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Bitter Java

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<pre>Author/s : Bruce Tate
Publisher : Manning Publications Inc.
Category : Advanced
Review by : Madhav Lakkapragada
Rating : 8 horseshoes
</pre>
"Bitter Java" is a "sweet book". While the previous statement sums-up my opinion of the content of the book, it wouldn't be fair not to say why. If you have the basic knowledge of J2EE components and would like to know "where to use a component" or more precisely "where NOT to use a component" this is the book you want.
The books walks you through the most common mistakes a programmer with academic knowledge would do. Okay, you did a couple of tutorials on the web, you now "feel" you have knowledge of J2EE, so what next? I would say, read this book - it will teach you how to identify anti-patterns in your code and their ill-effects. Once you identify these anti-patterns and sense the "bitterness" the authors teach you how to redo your applications using some well-known design patterns. Anti-patterns in the areas of Servlets, JSPs, Security, Caching, Server-Side Memory leaks, Connections, amd briefly XML are covered.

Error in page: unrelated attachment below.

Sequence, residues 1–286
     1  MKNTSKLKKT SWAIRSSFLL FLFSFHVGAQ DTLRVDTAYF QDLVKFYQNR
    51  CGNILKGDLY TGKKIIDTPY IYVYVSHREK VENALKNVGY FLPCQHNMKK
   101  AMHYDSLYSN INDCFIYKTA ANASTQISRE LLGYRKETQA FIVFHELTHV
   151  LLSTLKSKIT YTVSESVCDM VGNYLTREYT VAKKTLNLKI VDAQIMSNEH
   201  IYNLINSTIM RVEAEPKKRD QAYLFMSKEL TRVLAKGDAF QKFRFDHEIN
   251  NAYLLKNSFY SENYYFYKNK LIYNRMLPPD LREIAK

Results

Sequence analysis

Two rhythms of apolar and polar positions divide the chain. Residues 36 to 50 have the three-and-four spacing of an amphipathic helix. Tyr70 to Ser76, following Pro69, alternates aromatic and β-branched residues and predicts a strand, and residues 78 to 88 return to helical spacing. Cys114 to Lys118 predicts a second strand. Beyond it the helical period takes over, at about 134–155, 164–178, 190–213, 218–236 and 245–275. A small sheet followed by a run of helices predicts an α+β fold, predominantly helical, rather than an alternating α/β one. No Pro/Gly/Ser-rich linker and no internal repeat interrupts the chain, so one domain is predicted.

You don't really need a whole lot of design pattern knowledge, though a basic knowledge wouldn't hurt. Design patterns and anti-patterns are explained with example code. The original and refactered code is very well documented with appropriate remarks followed by detailed explanations.
As the moderator of the JSP forum, I have seen many questions posted on topics that were addresed in this book. Although, while taking the first steps in J2EE, you don't give much importance to anti-patterns, when you get into a production environment you must have this knowledge. While the examples in this book "may" appear basic, I think they are sufficient and clearly make the point. Glad that I was able to review this book.
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